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Water Contaminants
  Water and Health   Water Quality   Water Can Heal   Contaminants Facts   Air and Health
 
 

 

Drinking Water Contaminants - Copper (Continued)

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How much Copper is produced and released to the environment?

Copper may occur in drinking water either by contamination of the source water used by the water system, or by corrosion of copper plumbing. Corrosion of plumbing is by far the greatest cause for concern. Copper is rarely found in source water, but copper mining and smelting operations and municipal incineration may be sources of contamination.

Top 5 Water Contaminants

From 1987 to 1993, according to the Toxics Release Inventory, copper compound releases to land and water totaled nearly 450 million lbs., of which nearly all was to land. These releases were primarily from copper smelting industries. The largest releases occurred in Utah, and the largest direct releases to water occurred in Tennessee.

What happens to Copper when it is released to the environment?

All water is corrosive toward copper to some degree, even water termed noncorrosive or water treated to make it less corrosive. Corrosivity toward copper is greatest in very acidic water. Many of the other factors that affect the corrosivity of water toward lead can also be expected to affect the corrosion of copper.

How will Copper be detected in and removed from my drinking water?

The regulation for copper became effective in 1992. Between 1993 and 1995, EPA required your water supplier to collect water samples from household taps twice a year and analyze them to find out if copper is present above 1.3 ppm in more than 10 percent of all homes tested. If it is present above this level, the system must continue to monitor this contaminant twice a year.

If contaminant levels are found to be consistently above the Action level, your water supplier must take steps to reduce the amount of copper so that it is consistently below that level. The following treatment methods have been approved by EPA for controlling copper: Corrosion control.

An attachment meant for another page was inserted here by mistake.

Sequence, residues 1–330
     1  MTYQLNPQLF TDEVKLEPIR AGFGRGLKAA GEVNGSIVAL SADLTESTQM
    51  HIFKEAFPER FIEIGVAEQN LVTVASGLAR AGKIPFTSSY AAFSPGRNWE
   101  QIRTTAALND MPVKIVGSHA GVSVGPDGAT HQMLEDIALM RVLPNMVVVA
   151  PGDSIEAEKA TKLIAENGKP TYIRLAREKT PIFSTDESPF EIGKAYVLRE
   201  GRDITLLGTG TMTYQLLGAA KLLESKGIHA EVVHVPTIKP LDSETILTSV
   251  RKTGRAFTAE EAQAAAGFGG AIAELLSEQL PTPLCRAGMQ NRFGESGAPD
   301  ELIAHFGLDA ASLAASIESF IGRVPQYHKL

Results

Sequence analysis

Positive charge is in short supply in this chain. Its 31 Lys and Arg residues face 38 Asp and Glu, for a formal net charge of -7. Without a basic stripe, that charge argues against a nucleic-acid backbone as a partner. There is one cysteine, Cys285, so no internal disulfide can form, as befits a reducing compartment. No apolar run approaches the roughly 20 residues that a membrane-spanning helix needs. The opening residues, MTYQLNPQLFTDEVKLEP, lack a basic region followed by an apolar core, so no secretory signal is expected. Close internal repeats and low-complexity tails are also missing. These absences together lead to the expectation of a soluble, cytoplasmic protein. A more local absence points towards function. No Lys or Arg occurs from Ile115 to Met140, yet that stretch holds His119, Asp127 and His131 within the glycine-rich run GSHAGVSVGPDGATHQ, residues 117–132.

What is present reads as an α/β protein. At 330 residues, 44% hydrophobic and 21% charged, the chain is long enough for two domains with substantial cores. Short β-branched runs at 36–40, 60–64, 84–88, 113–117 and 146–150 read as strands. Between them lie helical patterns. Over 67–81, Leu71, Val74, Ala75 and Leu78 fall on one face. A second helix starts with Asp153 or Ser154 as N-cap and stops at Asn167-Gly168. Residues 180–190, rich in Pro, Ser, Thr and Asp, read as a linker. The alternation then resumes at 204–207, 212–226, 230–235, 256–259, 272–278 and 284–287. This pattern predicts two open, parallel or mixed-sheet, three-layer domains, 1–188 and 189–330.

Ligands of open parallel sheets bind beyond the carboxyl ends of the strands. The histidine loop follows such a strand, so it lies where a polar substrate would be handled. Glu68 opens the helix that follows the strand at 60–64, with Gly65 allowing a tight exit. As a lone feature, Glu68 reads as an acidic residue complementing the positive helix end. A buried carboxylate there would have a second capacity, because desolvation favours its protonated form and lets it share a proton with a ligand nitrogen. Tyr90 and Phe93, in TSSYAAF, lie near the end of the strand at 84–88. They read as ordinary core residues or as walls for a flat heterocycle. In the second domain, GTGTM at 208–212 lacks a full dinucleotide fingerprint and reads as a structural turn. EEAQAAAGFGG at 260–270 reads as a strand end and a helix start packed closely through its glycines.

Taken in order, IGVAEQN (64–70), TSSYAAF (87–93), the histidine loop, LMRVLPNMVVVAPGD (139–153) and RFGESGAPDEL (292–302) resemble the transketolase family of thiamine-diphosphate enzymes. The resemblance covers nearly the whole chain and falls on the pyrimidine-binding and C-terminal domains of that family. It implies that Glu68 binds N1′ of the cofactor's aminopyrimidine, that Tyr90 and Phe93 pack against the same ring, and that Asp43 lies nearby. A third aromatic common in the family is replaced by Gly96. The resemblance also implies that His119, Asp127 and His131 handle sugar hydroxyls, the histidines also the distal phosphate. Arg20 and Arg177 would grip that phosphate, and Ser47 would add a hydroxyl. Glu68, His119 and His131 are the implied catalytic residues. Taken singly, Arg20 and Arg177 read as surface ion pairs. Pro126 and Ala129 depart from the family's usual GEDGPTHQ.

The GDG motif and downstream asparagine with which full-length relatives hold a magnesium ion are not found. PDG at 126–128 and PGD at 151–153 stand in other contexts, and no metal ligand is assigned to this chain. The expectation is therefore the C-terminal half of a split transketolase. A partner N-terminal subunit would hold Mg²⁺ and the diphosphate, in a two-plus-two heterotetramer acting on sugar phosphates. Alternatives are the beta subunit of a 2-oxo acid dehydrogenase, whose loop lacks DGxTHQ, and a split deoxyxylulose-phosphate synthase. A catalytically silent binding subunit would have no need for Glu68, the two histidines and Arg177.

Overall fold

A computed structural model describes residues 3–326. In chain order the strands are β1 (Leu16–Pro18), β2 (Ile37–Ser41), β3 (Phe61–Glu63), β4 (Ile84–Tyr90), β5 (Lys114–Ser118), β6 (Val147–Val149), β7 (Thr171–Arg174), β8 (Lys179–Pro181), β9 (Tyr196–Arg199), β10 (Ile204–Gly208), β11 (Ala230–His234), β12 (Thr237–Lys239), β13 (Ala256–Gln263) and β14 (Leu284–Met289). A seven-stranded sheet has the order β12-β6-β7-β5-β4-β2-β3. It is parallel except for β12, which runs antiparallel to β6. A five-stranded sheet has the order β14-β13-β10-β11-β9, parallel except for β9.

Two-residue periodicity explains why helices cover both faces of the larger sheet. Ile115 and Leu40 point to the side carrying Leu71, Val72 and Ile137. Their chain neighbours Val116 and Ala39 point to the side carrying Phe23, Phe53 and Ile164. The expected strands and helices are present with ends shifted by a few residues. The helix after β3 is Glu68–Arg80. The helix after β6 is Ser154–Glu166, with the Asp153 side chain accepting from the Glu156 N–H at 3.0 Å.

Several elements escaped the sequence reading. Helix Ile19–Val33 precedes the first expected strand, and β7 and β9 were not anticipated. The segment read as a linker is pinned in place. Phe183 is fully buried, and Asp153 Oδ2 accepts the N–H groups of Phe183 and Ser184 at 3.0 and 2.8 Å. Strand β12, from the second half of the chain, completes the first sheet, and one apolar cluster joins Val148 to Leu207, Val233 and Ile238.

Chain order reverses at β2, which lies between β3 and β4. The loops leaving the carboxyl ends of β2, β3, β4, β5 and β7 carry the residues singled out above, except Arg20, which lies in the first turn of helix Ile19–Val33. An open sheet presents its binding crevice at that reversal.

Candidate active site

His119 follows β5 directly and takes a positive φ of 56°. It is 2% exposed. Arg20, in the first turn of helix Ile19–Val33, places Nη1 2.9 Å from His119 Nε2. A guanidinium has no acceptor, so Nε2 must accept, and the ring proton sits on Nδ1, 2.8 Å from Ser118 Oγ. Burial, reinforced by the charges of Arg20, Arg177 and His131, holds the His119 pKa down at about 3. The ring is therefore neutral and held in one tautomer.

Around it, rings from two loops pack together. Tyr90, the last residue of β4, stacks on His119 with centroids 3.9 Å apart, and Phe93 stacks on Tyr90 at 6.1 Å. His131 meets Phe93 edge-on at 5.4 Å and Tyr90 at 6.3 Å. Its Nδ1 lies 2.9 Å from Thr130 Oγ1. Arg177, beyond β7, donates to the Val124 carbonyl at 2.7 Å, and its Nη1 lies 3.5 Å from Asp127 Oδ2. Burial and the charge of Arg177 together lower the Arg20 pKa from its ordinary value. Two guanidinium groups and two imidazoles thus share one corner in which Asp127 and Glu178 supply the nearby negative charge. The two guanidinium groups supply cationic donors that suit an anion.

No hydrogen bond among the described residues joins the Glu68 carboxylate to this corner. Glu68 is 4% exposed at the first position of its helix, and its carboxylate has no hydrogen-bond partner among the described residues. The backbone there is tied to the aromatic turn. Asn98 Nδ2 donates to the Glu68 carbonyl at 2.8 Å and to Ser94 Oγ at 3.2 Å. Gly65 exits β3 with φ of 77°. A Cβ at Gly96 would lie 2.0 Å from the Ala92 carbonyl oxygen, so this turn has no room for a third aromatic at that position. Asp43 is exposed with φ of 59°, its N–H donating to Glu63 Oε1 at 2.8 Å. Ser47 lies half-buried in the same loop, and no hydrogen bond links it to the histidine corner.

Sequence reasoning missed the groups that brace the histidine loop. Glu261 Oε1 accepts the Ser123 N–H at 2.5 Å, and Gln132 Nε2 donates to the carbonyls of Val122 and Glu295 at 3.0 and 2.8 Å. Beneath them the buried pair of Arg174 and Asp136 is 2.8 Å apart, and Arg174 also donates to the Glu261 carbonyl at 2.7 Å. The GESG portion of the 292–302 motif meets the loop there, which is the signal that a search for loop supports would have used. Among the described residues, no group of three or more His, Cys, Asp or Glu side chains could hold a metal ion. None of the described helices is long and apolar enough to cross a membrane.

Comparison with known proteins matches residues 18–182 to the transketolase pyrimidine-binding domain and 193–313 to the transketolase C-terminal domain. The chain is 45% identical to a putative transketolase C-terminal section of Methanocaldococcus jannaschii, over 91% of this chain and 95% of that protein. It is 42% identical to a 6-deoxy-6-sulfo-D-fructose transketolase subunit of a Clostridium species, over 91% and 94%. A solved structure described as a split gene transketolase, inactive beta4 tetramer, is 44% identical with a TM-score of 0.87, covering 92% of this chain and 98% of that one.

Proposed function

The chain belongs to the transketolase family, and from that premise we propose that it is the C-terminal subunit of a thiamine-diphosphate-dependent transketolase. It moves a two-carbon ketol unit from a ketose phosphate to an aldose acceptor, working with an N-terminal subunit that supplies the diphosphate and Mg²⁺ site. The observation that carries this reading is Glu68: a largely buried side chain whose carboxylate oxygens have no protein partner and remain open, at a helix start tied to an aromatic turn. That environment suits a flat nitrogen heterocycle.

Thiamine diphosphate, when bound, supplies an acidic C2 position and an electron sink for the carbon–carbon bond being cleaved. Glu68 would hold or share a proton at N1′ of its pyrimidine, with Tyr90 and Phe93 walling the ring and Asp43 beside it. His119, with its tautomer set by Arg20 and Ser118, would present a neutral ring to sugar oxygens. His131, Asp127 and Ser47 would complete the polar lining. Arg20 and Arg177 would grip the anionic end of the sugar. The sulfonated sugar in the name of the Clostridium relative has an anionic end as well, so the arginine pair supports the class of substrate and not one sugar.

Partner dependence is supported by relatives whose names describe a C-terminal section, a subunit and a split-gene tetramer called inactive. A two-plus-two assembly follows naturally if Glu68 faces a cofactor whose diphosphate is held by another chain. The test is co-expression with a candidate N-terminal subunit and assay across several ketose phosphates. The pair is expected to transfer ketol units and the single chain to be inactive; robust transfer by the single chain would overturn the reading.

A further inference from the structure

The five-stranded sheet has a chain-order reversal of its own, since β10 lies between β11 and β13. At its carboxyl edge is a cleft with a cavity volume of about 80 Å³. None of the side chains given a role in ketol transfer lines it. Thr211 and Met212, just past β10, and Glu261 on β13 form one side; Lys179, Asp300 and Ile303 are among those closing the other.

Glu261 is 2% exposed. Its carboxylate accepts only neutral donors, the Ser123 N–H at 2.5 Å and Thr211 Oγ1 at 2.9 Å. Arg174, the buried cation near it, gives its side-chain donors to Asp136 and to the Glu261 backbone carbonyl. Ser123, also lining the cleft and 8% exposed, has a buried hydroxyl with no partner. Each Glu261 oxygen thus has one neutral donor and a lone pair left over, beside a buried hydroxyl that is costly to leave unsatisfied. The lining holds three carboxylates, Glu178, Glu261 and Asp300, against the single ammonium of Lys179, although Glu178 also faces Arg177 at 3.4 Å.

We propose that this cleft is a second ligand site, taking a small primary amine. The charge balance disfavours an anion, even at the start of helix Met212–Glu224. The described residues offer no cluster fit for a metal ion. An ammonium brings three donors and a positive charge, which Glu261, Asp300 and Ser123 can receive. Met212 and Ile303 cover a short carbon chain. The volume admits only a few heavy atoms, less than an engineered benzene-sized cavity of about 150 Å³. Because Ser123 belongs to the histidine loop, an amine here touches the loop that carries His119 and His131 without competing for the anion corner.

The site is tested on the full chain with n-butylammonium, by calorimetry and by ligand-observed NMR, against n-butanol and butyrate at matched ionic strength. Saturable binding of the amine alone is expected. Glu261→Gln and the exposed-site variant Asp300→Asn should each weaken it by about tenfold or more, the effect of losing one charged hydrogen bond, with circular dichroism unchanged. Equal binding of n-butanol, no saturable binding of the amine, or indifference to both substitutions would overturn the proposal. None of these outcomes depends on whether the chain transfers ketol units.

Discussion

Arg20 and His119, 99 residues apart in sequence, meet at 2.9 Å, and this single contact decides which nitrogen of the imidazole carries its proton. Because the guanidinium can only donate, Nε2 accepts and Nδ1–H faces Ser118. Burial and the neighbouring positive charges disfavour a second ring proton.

How will I know if Copper is in my drinking water?

If the water system fails to comply with any EPA or state treatment requirements, the system must notify the public via newspapers, radio, TV and other means. Additional actions, such as providing alternative drinking water supplies, may be required to prevent serious risks to public health.

This is a factsheet about a chemical that may be found in some public or private drinking water supplies. It may cause health problems if found in amounts greater than the health standard set by the United States Environmental Protection Agency (EPA).

Drinking Water Standards:

MCLG: 1.3 ppm

Action level: 1.3 ppm


Copper Releases to Water and Land, 1987 to 1993 (in pounds):

 

Water

Land

TOTALS

1,538,148

442,082,245

Top Ten States *

UT

55,350

153,501,500

NM

0

130,682,387

AZ

2.636 104,619,532

MI

19,763 11,172,897

NY

6,657 10,017,766

MT

0 8,696,153

TN

301,417 1,208,804

MO

250 1,486,000

AL

41,213 513,536
MD 78,601 270,945
Major Industries*

Primary copper smelting

7,591

201,214,264

Other nonferrous smelt. 4,414 11,317,048
Plastic materials 44,422 9,637,850
Blast furnaces, steel 156,982 3,229,752
Poultry slaughtering 0 1,249,750
Copper rolling, drawing 17,253 941,075
Ind. organic chems 28,936 827,356
Prepared feeds, misc. 1,038 760,094
Ind. inorganic chems 220,503 527,458

As part of the Drinking Water and Health pages, this fact sheet is part of a larger U.S. EPA publication:
EPA National Primary Drinking Water Regulations

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Read Next: Fluoride in Drinking Water

 

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